Readiness Council Adds Family Reps, Prioritizes Troop, Family Support
By Lisa Daniel
American Forces Press Service
WASHINGTON, Sep. 21, 2012 The Defense Department’s Military Family Readiness Council convened at the Pentagon yesterday with more family representation and an agreement to work to save troop and family support programs from budget cuts.
Congress created the council as part of the 2008 National Defense Authorization Act with a mandate to meet at least twice a year to review military family policies and programs and make recommendations to the secretary of defense. This year’s defense spending bill expanded membership to include one spouse or parent representative from each of the services, as well as the director of the Office of Community Support for Military Families with Special Needs.
Yesterday’s meeting was the council’s second this year and included as new members representatives from each of the services’ manpower and personnel offices, two senior enlisted advisors and two senior enlisted advisors’ spouses, and representatives from the American Red Cross, the National Military Family Association, and Blue-Star Families.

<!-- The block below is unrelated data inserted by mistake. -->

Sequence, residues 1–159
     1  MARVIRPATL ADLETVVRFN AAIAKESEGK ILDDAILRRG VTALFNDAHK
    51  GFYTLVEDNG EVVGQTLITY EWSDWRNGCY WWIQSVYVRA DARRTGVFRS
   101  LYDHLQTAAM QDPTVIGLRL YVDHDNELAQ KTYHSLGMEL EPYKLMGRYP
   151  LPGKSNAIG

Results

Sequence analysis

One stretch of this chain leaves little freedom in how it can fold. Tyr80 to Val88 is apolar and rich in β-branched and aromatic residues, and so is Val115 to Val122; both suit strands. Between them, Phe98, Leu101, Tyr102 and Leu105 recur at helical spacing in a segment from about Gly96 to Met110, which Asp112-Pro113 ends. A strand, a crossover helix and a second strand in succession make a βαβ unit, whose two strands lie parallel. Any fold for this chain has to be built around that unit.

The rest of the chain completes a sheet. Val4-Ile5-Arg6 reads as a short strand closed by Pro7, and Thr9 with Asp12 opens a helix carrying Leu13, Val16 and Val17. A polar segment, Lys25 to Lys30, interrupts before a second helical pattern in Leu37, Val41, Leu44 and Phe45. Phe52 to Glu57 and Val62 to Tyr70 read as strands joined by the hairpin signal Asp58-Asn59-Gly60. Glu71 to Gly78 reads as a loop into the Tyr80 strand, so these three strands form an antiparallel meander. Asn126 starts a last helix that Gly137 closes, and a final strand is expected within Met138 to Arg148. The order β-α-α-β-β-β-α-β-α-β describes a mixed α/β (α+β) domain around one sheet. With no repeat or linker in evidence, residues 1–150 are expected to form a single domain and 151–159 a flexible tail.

Erin Conaton, undersecretary of defense for personnel and readiness, led the meeting, calling its charge “critical work” in the minds of all the DOD and service leaders.
The council agreed that its priority for the upcoming budget year will be protecting troop and family support programs, followed by increasing support to service members transitioning out of the military. Specifically, the council is interested in ensuring appropriate time for service members and families to transition, and members said transitional compensation and health care coverage is needed to help cross over to civilian life.
“A national debate is needed now on how veterans’ families will be supported once they leave the safety net of support they had while the service members were on active duty,” according to an overview presentation given by Navy Cmdr. Chris Davis, who serves with the council.
Davis said the priorities, which came from installations and others in no particular order, include:
-- Improving training and awareness for unit leadership of what successful family readiness programs look like;
-- Improving the possibilities for spousal employment, and
-- Ensuring that military children get the best education possible.
The council issues its annual report each February.